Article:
The Galaxy Alpha’s removable battery has a total capacity of 7.17 Wh (1,860 mAh at 3.85 V), which is 34% smaller than the Galaxy S5’s battery. This is small for a handset with a powerful SoC inside, especially considering the display is only 15% smaller on the Alpha, but a clear by-product of Samsung gunning for slimness over battery capacity.
It’s likely that the company was hoping that a reduction in display resolution and increases in SoC efficiency would offset the smaller battery. However, as you’ll see from the benchmarks below, this isn’t the case.
In our video benchmark, the Galaxy Alpha lasts significantly less time than both models of the Galaxy S5. Compared to the most similar Galaxy S5 variant, the Exynos model, the Alpha performed 22% worse; this balloons out to 31% compared to the Snapdragon model.
In our web browsing battery benchmarks, the Galaxy Alpha performs poorly. On Wi-Fi, the Alpha performed around the level of the HTC One, 21% lower than the Exynos Galaxy S5. It’s a similar situation on LTE, where the Galaxy Alpha’s battery performance sees it sit at the bottom of our chart.
In GFXBench’s battery test, the Alpha falls around the same level as the Galaxy S5. From this perspective you can see how the lower battery capacity matches up with the lower display resolution, assisted by significant throttling around five minutes into high-intensity 3D rendering. Although this result is good for the Alpha, it’s in more traditional use cases (like web browsing) that the handset falls well behind the competition.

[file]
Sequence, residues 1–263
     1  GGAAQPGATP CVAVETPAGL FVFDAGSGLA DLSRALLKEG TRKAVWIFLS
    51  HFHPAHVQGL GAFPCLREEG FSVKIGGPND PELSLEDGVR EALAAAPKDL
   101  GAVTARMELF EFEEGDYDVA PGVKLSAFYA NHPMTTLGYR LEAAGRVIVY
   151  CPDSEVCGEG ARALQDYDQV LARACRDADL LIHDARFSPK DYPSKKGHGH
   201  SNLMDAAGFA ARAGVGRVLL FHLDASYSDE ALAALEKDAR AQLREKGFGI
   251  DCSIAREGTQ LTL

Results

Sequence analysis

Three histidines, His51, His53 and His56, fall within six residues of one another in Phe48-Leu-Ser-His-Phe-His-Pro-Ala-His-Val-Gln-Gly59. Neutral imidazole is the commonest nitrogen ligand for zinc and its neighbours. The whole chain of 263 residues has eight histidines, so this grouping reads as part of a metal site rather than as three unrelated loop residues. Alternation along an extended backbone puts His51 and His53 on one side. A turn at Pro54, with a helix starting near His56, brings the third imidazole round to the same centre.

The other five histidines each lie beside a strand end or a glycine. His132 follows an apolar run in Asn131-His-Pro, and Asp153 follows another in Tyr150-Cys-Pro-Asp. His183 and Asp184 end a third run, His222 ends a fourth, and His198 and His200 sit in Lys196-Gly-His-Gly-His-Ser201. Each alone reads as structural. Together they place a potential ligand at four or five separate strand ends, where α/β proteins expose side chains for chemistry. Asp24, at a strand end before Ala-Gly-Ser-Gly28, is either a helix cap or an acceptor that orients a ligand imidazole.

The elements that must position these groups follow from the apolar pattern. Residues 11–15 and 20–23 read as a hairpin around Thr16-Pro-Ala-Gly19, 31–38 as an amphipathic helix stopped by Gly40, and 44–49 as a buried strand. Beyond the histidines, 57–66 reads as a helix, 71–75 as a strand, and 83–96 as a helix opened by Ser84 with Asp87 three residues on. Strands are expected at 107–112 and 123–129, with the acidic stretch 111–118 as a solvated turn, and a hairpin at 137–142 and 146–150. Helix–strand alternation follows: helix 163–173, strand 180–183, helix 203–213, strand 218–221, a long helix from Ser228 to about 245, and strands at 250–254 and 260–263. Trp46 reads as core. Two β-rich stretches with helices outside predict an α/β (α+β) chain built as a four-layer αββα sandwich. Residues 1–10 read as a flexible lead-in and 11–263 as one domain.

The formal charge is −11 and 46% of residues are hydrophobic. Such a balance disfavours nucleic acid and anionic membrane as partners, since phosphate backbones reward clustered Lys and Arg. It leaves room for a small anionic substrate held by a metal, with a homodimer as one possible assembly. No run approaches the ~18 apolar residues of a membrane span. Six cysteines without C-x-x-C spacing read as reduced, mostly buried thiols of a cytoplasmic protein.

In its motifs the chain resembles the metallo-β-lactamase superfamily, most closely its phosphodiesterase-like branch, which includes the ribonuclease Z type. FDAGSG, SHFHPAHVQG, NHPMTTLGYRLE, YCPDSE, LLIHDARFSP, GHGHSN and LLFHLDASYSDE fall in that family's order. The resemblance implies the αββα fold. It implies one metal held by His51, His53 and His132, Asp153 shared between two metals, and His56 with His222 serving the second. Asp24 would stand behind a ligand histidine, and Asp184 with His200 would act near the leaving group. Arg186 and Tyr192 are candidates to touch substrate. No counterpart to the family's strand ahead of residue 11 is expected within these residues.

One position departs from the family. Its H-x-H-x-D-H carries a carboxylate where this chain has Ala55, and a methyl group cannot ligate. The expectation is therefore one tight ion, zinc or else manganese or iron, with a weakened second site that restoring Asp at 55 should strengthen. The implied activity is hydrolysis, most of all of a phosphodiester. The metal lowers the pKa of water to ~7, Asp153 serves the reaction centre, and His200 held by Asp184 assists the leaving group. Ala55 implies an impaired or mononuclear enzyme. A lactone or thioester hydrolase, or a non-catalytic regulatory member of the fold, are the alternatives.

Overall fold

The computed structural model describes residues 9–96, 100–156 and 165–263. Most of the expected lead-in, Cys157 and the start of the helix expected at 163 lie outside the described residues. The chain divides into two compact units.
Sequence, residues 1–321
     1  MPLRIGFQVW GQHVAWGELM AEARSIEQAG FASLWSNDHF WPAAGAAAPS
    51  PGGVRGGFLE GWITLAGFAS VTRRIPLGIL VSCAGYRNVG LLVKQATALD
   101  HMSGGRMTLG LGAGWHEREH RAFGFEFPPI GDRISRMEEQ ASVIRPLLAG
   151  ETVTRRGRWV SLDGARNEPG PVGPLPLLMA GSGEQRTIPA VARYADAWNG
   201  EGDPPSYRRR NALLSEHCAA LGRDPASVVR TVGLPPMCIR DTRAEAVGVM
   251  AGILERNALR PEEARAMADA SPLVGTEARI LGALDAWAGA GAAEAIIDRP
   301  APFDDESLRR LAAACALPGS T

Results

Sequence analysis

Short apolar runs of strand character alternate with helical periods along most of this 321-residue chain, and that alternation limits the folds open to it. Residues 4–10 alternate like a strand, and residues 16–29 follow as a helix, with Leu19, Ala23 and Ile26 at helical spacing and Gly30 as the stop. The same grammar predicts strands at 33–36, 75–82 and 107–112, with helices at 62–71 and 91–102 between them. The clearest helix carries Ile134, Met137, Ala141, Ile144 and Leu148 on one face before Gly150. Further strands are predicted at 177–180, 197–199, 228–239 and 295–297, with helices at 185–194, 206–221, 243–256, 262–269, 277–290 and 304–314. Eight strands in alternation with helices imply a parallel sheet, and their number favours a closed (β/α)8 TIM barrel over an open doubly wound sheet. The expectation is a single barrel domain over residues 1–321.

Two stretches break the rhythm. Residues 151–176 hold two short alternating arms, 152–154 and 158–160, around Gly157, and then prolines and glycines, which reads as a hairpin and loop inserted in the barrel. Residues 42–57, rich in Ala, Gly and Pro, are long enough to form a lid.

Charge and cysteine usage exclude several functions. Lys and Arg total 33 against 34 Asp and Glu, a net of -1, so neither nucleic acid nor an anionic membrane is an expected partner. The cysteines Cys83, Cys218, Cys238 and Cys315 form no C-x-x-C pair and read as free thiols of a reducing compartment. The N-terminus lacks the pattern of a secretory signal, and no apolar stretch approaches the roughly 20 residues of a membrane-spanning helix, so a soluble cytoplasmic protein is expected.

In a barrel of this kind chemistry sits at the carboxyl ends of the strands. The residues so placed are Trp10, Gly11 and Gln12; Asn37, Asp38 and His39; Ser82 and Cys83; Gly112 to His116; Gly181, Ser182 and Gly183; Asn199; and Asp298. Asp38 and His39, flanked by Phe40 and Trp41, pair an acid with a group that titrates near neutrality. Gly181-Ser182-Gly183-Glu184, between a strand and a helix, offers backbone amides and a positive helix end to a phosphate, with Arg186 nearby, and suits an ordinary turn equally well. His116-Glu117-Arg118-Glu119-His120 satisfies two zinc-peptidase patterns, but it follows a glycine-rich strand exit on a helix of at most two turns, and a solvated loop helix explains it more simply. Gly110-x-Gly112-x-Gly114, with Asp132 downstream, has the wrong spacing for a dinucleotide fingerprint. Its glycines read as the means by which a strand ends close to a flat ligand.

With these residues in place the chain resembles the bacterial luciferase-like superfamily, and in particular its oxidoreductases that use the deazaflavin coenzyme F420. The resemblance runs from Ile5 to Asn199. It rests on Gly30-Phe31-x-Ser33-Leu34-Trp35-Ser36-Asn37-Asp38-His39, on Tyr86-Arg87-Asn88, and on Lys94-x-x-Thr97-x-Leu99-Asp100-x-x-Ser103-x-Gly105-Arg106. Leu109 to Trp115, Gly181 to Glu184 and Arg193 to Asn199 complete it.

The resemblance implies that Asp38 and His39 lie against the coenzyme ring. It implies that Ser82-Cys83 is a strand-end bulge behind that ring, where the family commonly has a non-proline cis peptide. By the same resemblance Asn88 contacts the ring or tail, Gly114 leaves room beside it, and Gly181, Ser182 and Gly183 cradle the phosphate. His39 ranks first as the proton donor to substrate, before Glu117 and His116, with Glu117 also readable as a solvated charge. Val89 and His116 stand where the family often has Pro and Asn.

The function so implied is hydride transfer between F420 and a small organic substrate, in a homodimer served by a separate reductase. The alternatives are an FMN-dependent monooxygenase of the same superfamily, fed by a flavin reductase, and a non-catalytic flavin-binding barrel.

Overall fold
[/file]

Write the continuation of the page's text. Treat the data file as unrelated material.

Despite a 34% smaller battery, the Galaxy Alpha took around the same time to charge as the Galaxy S5 using a standard 10W USB wall charger. Although it charges reasonably fast for a smartphone, it does not support the same fast charging mode as the Galaxy Note 4.
Like the past few Samsung flagships, the Galaxy Alpha packs Ultra Power Saving Mode. In this mode, the phone switches to a greyscale theme and restricts access to just a small subset of the apps available on the phone. Combined with switching off background data and throttling performance, Ultra Power Saving Mode can extend battery life significantly in emergency situations.
While it isn’t meant for constant use, Ultra Power Saving Mode can give the Alpha several hours of extra use when the battery falls under 20%. If you don’t want to be as restrictive with the handset’s features, the Alpha also comes with a standard battery saver that reduces mobile data network usage when the display is switched off.